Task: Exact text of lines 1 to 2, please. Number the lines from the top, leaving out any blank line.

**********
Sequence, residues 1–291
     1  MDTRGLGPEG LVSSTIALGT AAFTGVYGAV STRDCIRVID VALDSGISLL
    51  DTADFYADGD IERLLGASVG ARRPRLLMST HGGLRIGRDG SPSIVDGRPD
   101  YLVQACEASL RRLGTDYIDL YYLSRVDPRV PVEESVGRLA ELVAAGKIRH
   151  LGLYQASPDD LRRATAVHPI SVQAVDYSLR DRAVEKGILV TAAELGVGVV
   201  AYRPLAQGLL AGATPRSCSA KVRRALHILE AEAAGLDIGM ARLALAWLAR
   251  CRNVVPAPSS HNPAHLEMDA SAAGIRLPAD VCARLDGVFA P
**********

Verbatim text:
Sequence, residues 1–291
     1  MDTRGLGPEG LVSSTIALGT AAFTGVYGAV STRDCIRVID VALDSGISLL